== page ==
Is the page too wide?
If you look at the site in a very wide window,
it may look a bit too wide and shallow. Is this
too much of a good thing?
I'll use one last technique that will keep the
page from expanding too much in big windows. I create
one more table, with just one cell, and set its
width to less than 100% of the window. All of the
tables I have made for the page go into this table.
I give the page a background color, set the background
of the content table to white, and allow the browser
to set page margins. The result is a page that still
expands on a larger window, but doesn't get too
wide--the best of both worlds!
the finished page
Download a zipped copy of the final
The table structure I used may seem quite
complicated. It's true that the finished
page uses a lot of tables, but each table
is very simple and has only one or two
functions in the overall design. I managed
to avoid specifying almost all cell dimensions--the
only cells I gave any width attribute at
all were the "balloon" cells.
Trying to set the size of table cells
in pages that are designed to be flexible
can be a puzzle. If you use pixels as your
unit, it's difficult to allow for flexibility
without leaving some cell dimensions blank.
You could try a mix of pixels and percentages.
But all browsers won't render tables using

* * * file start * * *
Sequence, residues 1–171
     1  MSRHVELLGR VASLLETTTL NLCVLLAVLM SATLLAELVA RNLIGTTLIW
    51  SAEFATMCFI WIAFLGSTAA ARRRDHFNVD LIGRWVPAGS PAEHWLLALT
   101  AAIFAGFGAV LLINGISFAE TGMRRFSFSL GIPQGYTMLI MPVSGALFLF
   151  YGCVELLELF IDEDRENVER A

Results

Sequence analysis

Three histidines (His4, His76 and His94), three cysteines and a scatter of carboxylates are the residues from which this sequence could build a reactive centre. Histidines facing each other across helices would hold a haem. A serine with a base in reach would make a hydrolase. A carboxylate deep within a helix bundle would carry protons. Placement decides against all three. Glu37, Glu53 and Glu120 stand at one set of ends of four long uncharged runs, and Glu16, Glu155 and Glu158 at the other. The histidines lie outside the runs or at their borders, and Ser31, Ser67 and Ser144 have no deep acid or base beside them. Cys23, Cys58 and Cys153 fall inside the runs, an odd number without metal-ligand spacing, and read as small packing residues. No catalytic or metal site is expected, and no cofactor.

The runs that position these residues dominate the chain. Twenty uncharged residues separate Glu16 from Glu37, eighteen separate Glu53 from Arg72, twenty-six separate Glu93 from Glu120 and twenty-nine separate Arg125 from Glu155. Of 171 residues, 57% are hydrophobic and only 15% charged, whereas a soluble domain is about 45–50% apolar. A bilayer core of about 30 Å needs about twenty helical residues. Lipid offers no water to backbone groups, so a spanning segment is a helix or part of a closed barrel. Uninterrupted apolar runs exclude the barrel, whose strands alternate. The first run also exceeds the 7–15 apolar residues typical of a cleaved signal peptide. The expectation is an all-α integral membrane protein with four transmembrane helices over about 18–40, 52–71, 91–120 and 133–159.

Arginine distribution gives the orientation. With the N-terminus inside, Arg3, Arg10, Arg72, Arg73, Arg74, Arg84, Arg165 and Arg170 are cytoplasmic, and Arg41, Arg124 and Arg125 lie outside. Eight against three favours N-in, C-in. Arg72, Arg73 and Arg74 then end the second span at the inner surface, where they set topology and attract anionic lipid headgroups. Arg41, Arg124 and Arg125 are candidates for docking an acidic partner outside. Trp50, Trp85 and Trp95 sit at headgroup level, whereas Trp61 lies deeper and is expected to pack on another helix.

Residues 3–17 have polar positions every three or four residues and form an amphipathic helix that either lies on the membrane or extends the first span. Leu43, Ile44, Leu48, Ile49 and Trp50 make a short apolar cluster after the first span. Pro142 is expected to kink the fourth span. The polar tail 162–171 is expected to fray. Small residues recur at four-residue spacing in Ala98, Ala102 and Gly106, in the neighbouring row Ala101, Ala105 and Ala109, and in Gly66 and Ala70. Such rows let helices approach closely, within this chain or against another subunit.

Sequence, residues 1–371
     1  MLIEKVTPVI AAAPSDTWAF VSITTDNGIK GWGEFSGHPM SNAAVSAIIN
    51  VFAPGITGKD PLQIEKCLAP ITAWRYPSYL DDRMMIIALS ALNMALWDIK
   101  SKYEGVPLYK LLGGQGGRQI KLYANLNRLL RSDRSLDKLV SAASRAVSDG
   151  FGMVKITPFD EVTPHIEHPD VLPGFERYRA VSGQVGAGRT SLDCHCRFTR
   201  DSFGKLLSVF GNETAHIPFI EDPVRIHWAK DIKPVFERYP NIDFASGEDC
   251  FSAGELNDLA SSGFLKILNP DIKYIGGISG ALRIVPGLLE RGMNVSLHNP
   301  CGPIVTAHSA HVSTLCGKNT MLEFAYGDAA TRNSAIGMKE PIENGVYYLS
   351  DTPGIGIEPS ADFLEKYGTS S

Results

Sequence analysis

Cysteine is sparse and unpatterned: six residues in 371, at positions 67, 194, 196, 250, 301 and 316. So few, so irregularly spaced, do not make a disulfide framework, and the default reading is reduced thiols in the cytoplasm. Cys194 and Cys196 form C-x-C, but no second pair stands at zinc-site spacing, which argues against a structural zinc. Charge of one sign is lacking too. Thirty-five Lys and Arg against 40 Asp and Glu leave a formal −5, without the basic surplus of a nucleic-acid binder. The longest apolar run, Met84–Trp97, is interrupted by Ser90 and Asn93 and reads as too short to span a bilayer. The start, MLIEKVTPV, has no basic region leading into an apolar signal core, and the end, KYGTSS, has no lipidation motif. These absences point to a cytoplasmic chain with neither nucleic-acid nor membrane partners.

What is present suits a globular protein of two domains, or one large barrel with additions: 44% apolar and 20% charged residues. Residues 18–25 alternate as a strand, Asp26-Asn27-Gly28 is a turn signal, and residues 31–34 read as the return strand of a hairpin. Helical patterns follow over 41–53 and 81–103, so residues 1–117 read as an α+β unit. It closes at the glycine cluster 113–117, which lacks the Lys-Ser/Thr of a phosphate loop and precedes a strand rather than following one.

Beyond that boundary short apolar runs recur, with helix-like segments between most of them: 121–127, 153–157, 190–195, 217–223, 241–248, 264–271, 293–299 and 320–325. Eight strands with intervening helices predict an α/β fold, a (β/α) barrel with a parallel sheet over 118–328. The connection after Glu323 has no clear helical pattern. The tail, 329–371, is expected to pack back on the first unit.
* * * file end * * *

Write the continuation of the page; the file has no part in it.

hybrid pixel/percentage dimensioning consistently,
and if you leave some dimensions blank
you are inviting the browser to interpret
your page with more flexibility than you
I need the browser to interpret the layout
of the page if I want it to work in a range
of window sizes. But I want to make sure
that I leave it no choice about what parts
of the page may be squeezed or stretched
to fit the window. So instead of trying
to come up with a single table with completely-specified
dimensions, and hope it will somehow render
correctly in a window size that is different
from the one I designed it in, I exploit
some simple characteristics of table behavior
that I can rely on in any browser.
The demonstration page in this tutorial
could be seen as a study in virtual "mechanics." Only
two basic "forces" are at work:
expansion and resistance. Tables with a
width of 100% will expand until they meet
the resistance of the edges of the browser
window. A 100% width table nested inside
another table will expand until it meets
the resistance of another element in the
table, such as a graphic in an adjoining
cell. These two "forces" are
all I need to create the page. By thinking
about where I wanted expansion (to make
the page flexible) and where I should provide
resistance (to check that expansion so
as to preserve the size of page elements
that I wanted to be inflexible), I can
design a page that will always find a state
of balance in a wide range of window sizes.
Mouse over the three main page areas in
this diagram to see diagrams of the "forces" at
work in the table structures in the demonstration